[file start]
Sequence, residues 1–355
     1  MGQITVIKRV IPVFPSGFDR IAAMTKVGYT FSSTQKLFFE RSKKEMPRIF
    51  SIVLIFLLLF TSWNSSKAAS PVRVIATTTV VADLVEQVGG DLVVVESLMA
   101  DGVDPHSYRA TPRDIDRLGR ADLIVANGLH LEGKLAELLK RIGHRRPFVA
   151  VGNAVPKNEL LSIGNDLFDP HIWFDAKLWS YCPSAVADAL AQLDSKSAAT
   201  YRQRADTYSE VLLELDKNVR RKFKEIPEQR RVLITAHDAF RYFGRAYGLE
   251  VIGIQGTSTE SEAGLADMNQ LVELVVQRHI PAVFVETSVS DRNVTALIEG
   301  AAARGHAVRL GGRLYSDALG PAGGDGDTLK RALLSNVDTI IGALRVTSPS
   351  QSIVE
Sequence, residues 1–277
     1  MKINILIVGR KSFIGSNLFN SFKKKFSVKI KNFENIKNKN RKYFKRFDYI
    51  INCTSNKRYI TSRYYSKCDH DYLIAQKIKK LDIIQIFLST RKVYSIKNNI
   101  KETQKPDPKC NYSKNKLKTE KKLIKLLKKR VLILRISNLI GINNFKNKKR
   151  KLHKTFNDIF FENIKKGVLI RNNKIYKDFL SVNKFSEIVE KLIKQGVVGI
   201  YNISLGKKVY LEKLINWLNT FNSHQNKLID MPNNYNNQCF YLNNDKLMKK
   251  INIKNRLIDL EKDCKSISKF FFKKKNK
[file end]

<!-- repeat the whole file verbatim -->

Sequence, residues 1–355
     1  MGQITVIKRV IPVFPSGFDR IAAMTKVGYT FSSTQKLFFE RSKKEMPRIF
    51  SIVLIFLLLF TSWNSSKAAS PVRVIATTTV VADLVEQVGG DLVVVESLMA
   101  DGVDPHSYRA TPRDIDRLGR ADLIVANGLH LEGKLAELLK RIGHRRPFVA
   151  VGNAVPKNEL LSIGNDLFDP HIWFDAKLWS YCPSAVADAL AQLDSKSAAT
   201  YRQRADTYSE VLLELDKNVR RKFKEIPEQR RVLITAHDAF RYFGRAYGLE
   251  VIGIQGTSTE SEAGLADMNQ LVELVVQRHI PAVFVETSVS DRNVTALIEG
   301  AAARGHAVRL GGRLYSDALG PAGGDGDTLK RALLSNVDTI IGALRVTSPS
   351  QSIVE
Sequence, residues 1–277
     1  MKINILIVGR KSFIGSNLFN SFKKKFSVKI KNFENIKNKN RKYFKRFDYI
    51  INCTSNKRYI TSRYYSKCDH DYLIAQKIKK LDIIQIFLST RKVYSIKNNI
   101  KETQKPDPKC NYSKNKLKTE KKLIKLLKKR VLILRISNLI GINNFKNKKR
   151  KLHKTFNDIF FENIKKGVLI RNNKIYKDFL SVNKFSEIVE KLIKQGVVGI
   201  YNISLGKKVY LEKLINWLNT FNSHQNKLID MPNNYNNQCF YLNNDKLMKK
   251  INIKNRLIDL EKDCKSISKF FFKKKNK